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Afghan officials: U.S. missiles killed 27 civilians
KABUL, Afghanistan -- Afghan officials said fighter aircraft battling militants accidentally killed up to 27 Afghans walking to a wedding ceremony in eastern Afghanistan early Sunday, the second military attack in three days with reports of civilian deaths.
The U.S. military blamed the claims on militant propaganda and said its missiles only struck insurgents.
President Hamid Karzai had already ordered an investigation into allegations that missiles from U.S. helicopters struck civilians Friday in eastern Afghanistan, though the Defense Ministry said Sunday that attack on the Nuristan-Kunar border killed or wounded 20 militants.
U.S. Army Gen. David D. McKiernan, the commander of NATO forces in Afghanistan, said the two incidents were being investigated. He noted that militants hide among and intimidate civilians.
U.S. spokesman 1st Lt. Nathan Perry said the military has repeatedly seen militants falsely claim civilian were killed.
"Whenever we do an airstrike the first thing they're going to cry is 'Airstrike killed civilians' when the missile actually struck militant extremists we were targeting in the first place," Perry said. "At this time we don't believe we've harmed anyone except for the combatants."
In the second incident early Sunday, the chief government official in the Deh Bala district of Nangarhar province said villagers reported that as many as 27 people walking in a group toward a wedding were killed in a bombing. Up to 11 other people were wounded, Haji Amishah Gul said.
Nuristan provincial police chief spokesman Ghafor Khan said that fighter aircraft attacked a group of militants near the village of Kacu, but that one of the missiles went off course and hit the wedding party. Khan said many militants were killed in the attack as well.
Both officials relied on reports called in by telephone from villagers.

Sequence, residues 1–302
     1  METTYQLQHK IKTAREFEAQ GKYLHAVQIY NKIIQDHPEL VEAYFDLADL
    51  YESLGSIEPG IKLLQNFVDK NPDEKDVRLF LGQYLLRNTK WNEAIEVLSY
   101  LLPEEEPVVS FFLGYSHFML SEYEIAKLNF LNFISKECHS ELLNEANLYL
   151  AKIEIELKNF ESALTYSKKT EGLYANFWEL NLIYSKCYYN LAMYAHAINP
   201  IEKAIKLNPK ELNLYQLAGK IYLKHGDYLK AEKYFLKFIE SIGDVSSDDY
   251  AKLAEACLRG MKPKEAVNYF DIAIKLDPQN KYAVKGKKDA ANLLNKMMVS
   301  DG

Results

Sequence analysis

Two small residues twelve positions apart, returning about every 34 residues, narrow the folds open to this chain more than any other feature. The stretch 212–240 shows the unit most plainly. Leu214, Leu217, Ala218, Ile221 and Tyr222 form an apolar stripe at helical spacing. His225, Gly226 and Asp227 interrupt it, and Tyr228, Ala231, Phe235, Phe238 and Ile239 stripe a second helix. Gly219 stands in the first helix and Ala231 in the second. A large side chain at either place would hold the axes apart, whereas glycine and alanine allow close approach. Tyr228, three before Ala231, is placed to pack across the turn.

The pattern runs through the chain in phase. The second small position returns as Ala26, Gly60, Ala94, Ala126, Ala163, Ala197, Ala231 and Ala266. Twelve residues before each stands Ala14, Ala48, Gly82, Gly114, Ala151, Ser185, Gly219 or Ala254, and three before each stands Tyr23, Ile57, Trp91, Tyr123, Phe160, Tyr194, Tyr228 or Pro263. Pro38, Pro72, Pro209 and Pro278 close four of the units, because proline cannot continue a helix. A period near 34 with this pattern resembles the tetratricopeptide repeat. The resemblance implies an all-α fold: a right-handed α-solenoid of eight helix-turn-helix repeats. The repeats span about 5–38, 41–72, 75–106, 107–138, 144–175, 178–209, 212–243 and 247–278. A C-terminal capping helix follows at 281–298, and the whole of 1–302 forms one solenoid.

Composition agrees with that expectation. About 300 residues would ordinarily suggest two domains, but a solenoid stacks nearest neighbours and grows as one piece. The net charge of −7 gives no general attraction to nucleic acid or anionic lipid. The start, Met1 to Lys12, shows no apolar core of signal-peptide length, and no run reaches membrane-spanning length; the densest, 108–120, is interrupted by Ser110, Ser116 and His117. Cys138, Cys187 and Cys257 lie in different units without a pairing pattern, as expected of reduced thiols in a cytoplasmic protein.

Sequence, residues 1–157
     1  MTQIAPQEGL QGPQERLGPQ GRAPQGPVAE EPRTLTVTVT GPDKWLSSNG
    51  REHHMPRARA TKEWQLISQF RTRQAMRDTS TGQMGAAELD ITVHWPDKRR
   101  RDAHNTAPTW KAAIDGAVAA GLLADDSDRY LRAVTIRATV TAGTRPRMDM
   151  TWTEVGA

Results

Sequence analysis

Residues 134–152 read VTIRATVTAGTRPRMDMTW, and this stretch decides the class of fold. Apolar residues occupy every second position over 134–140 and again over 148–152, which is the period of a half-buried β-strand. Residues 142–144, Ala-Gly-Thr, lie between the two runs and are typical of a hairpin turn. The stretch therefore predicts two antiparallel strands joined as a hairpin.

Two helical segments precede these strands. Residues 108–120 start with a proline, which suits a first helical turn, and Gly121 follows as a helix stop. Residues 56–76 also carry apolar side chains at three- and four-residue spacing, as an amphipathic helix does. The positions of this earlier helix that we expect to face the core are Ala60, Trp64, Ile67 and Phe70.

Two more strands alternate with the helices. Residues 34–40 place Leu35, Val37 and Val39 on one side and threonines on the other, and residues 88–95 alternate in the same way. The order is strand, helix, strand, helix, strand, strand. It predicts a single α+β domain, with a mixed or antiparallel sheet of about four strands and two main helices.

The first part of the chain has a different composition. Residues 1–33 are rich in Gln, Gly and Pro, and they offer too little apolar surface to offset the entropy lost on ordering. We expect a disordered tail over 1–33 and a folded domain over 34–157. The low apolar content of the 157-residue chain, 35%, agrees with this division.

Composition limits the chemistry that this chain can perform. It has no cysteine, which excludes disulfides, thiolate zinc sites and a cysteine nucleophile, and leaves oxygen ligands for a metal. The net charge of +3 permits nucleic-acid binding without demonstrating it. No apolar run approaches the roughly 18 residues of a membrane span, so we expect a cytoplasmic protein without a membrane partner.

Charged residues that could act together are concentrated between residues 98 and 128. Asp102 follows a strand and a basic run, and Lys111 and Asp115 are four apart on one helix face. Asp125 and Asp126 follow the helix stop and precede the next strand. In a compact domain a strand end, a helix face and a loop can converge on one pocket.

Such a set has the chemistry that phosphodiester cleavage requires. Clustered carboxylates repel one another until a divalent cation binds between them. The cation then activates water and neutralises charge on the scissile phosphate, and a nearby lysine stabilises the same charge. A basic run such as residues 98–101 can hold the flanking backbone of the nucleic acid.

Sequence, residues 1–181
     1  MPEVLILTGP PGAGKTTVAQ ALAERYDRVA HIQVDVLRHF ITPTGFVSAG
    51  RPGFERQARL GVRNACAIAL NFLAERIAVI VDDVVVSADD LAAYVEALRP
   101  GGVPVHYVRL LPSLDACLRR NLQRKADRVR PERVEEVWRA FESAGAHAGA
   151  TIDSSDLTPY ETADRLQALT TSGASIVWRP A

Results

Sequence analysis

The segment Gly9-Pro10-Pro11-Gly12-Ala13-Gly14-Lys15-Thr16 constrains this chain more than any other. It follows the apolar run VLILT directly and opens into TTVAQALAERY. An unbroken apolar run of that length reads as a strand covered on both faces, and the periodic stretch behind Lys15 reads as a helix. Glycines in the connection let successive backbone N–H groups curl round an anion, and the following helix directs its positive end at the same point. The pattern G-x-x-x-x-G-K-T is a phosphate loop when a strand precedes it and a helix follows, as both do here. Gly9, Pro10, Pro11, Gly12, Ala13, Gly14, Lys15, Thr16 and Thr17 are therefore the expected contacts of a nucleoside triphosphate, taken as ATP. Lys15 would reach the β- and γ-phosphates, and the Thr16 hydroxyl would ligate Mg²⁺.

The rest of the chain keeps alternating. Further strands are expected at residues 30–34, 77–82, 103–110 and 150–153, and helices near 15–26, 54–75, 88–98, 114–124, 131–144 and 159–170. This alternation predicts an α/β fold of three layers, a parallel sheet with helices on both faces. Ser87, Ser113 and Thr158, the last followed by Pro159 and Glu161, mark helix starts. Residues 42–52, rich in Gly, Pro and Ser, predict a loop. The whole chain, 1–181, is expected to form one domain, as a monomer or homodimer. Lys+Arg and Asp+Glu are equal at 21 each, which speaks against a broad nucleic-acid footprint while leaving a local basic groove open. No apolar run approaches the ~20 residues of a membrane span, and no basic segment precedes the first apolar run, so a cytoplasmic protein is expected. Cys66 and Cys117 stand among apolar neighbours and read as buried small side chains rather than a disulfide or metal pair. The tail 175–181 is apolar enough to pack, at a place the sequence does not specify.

The area was too remote for officials or reporters to reach.
Gul said the group killed included men, women and children. Six of those wounded were taken to the provincial hospital in Jalalabad. Lal Wazir, an Afghan who helped bring the wounded to the hospital, said the airstrike occurred at 6:30 a.m.
"The wedding participants were on their way to the groom's house," Wazir said outside the hospital, his tunic covered in blood after carrying some of those wounded.
"They stopped in a narrow location for rest. The plane came and bombed the area. There were between 80 to 90 people altogether. We have carried six of the injured to this hospital, and more might be coming. The exact number of casualties is not clear," he said.
A U.S.-led coalition statement said an airstrike killed several militants in Nangarhar.
The issue of civilian casualties has caused friction between the Afghan government and U.S. and NATO troops, and has weakened the standing of Western-backed Karzai in the eyes of the population.
Karzai has repeatedly called for better coordination between Afghan and foreign troops in pursuing militants through populated areas, and for international troops to cut down on civilian casualties. Deaths of ordinary Afghans caused a huge outcry last year, but there have been fewer accusations of such killings in recent months.
McKiernan said NATO uses a "very judicious and strict application of lethal force."
"Civilian casualties are very, very important in this campaign. One is one to many," he said. "I do think we have ... the right procedures in place to mitigate and minimize any collateral damage to people or material."
Perry said Sunday that military reports still indicated that the Friday airstrike by coalition helicopters in Nuristan hit two vehicles carrying militants who had attacked a NATO base with mortars.
Karzai suggested that Afghan civilians may have been fleeing at the time of the strike because of a warning from the U.S. coalition.
"Coalition forces are saying that this operation was against armed insurgents in the area, but Gov. Nuristani is insisting that three hours before this airstrike, people were informed by international forces that they should leave the area because of a possible airstrike against insurgents," Karzai said in a statement.
Elsewhere, in the southern province of Helmand -- the country's other hotly contested region -- a clash killed seven Taliban and two police, provincial police chief Mohammad Hussein Andiwal said. Five other officers were wounded during the Saturday fight in Nawa district, he said.
The coalition said several militants were also killed Friday during an operation in Ghazni province.
More than 2,100 people -- mostly militants -- have been killed in insurgency-related violence in Afghanistan this year. More than 8,000 people died in attacks last year, according to the U.N., the most since the 2001 U.S.-led invasion.
The number of militant attacks has been on the rise this summer compared with the same period last year, NATO officials say.